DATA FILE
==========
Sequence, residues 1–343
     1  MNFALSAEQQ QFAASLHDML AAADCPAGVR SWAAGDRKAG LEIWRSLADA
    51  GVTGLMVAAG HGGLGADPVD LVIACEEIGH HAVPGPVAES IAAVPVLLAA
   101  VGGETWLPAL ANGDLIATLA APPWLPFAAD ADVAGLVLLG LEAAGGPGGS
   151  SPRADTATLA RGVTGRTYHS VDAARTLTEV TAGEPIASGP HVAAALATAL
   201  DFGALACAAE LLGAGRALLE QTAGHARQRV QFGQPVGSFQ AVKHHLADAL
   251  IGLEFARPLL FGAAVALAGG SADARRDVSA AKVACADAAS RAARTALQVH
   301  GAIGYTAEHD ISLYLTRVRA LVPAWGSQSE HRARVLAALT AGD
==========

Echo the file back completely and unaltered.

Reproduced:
Sequence, residues 1–343
     1  MNFALSAEQQ QFAASLHDML AAADCPAGVR SWAAGDRKAG LEIWRSLADA
    51  GVTGLMVAAG HGGLGADPVD LVIACEEIGH HAVPGPVAES IAAVPVLLAA
   101  VGGETWLPAL ANGDLIATLA APPWLPFAAD ADVAGLVLLG LEAAGGPGGS
   151  SPRADTATLA RGVTGRTYHS VDAARTLTEV TAGEPIASGP HVAAALATAL
   201  DFGALACAAE LLGAGRALLE QTAGHARQRV QFGQPVGSFQ AVKHHLADAL
   251  IGLEFARPLL FGAAVALAGG SADARRDVSA AKVACADAAS RAARTALQVH
   301  GAIGYTAEHD ISLYLTRVRA LVPAWGSQSE HRARVLAALT AGD